You missed counting me also. I visited the store in July and I'm from France, although an American who has lived in France for 35 years. This fall I even gave a talk on "The Last Report on the Miracles at Little No Horse" to my book club made up of French women who had never heard about Louise Erdrich and had little knowledge of Native Americans. It was a success!
Barbara Carlier
Harriett commented on 18-Nov-2012 09:13 AM
Like everyone else, I tried unsuccessfully to parse this book over several days. But I devoured it in 24 hours. I always feel guilty when I consume so quickly a great work such as yours that was created over a period of years. I feel greedy, but happily so. Whenever I run across a familiar name (Nanapush, Lamartine) my heart fills with joy and opens up and a it's like a butterfly flies out. Thank you from the bottom of my heart.
Post a Comment!

Canoe Family

Recent PostsRSS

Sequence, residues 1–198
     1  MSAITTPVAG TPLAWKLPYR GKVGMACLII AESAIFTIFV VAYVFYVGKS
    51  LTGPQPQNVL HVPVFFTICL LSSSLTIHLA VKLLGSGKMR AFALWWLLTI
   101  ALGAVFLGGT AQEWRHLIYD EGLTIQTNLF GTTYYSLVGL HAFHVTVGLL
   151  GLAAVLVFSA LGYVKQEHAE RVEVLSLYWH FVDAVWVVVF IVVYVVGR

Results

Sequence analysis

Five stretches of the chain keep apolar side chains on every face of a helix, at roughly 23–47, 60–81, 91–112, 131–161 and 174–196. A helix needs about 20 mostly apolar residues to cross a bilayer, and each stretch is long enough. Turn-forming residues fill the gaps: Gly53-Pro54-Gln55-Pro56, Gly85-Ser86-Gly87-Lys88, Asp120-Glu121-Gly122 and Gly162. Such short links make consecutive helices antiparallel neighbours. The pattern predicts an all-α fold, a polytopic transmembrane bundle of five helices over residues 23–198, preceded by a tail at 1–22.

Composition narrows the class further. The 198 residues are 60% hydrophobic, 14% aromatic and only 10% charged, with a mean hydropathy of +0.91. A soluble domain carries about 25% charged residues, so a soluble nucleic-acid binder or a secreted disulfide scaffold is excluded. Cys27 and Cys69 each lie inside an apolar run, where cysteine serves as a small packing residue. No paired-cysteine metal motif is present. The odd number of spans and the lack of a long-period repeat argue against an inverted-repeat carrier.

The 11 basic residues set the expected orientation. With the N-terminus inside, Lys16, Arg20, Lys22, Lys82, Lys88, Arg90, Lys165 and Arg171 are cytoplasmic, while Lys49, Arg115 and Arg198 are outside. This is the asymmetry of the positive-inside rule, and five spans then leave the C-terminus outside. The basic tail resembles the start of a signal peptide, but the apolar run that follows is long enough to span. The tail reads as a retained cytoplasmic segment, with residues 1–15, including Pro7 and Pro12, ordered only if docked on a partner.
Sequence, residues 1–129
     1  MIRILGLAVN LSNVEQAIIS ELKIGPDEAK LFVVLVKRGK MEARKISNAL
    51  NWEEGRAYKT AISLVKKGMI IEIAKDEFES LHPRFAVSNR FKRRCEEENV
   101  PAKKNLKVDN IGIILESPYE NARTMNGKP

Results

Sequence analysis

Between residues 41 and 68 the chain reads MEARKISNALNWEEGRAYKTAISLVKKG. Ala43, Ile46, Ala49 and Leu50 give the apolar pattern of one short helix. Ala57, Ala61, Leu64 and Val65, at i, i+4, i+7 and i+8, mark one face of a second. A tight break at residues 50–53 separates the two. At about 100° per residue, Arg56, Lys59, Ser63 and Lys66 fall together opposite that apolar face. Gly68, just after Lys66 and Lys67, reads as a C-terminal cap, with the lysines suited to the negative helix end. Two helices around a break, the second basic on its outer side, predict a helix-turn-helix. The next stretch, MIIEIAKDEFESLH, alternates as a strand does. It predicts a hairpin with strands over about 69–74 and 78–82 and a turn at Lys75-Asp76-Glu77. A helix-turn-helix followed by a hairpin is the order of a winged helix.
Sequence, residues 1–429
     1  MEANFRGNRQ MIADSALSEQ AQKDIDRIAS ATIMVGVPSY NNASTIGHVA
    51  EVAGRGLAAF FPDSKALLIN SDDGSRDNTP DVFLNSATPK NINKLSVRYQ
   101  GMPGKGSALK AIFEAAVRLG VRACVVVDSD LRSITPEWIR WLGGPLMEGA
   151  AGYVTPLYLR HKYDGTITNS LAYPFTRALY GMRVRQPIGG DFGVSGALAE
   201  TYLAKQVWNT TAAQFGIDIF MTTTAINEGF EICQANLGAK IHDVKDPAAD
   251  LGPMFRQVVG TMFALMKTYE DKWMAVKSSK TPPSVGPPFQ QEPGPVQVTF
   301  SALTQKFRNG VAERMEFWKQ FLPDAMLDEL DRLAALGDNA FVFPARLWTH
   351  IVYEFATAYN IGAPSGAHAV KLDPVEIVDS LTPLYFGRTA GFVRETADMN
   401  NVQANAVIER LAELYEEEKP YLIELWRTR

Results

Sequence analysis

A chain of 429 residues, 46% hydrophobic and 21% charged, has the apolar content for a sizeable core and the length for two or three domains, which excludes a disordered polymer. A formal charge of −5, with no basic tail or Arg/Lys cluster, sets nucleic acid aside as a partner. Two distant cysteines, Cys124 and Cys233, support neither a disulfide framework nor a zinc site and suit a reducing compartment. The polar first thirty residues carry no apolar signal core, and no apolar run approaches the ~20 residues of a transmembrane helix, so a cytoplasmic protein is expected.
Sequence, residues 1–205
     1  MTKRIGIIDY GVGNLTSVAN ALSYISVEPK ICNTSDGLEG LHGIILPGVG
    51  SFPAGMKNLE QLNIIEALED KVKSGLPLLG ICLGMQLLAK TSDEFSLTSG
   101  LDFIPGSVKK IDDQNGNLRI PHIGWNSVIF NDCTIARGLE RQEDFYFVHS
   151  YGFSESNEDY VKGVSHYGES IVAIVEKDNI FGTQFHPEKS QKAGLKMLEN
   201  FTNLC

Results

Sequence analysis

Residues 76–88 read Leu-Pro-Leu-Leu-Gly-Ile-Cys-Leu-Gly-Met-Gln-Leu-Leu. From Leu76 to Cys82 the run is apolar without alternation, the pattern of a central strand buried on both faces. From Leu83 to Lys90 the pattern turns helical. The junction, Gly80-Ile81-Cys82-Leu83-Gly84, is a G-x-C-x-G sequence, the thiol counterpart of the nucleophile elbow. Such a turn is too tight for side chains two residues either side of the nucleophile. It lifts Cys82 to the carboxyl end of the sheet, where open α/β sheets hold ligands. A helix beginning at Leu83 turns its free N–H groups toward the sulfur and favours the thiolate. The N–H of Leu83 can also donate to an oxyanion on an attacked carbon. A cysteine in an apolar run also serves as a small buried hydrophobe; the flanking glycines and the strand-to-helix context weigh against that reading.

Dartmouth solstice, Thomas King adventure how good looking you are cafe closing Louise President Obama Islam mississippi Gary Clement Let's Take the Long Way Home Afghanistan Botany The Wealth of Nature Makoons ptsd pilgrims Ojibwe favorite book aquifer Aubrey/Maturin Philip Roth National Book Award china Zombies Aza Bohumil Hrabal north dakota Native People germany Empire of the Summer Moon joy Peak Oil The Transition Handbook support incarnation friends Anishinabemowin Mohamed's Ghosts Green Team Milkweed Press graphix Crushing Books ireland spring Nemesis Wolf Hall favorite dog Remarkable Trees france Keepers of the Trees Ha Jin gardens birchbark house series Michael Jackson post holiday euphoria Guthrie Theater Native Arts thanks japan neighborhood devoted customers bill mckibben Wendy Makoons Geniusz green Love Too Much Happiness Interview coyote The Resilient Gardener health care reform Minneapolis The Porcupine Year Climate Change Gryphon Press The Farmer's Daughter S.C. Gwynne Video tree books Keeping Heart on Pine Ridge Magers and Quinn peculiar touches of green and gold Kate DiCamillo The Game of Silence Bill Moyers Journal sweden Kabul Vic Glover Beth Dooley Easter Island Book Review Wastepaper The Birchbark House World on the Edge Canada local economy The Round House The Blue Sky plants Women and Trees Poetry cafe Hilary Mantel book and dinner club twins Our Knowledge Is Not Primitive Anishinabe School Gardens Collective Denial the most romantic city in the world More Remarkable Trees Light in August The Royal Prussian Library Too Loud A Solitude Bleak House Master Butchers Singing Club anniversary Roberto Bolano Pembina gratitude Ojibwemowin post holiday reads ependent E.L. Doctorow Gail Caldwell Small Bookstores as Commons Education Greenland Chitra Divakaruni Up Late Again Czech Writer Dogs buffalo Unnatural Disasters language revitalization Ice trees This Green World Rare Books boarding school The Ojibwe Chickadee leaves and snow customers show your love Keystone XL Stephen Salisbury Mankato Powwow thank you friends Kenwood Gardens favorite tree monkey in a dryer H2Oil Emily Johnson 2666 Patrick O'Brian Jim Harrison British Navy Hillary Clinton italy Anton Treuer knowledge Peak Water NACDI:All My Relations William Trevor Catalyst Fireworks Birchbark Books Victory Gardens Alan Weisman city of books photography Minnesota Population Nero Tar Sands State Troopers Alice Munro fresh water Tree Houses Brown Dog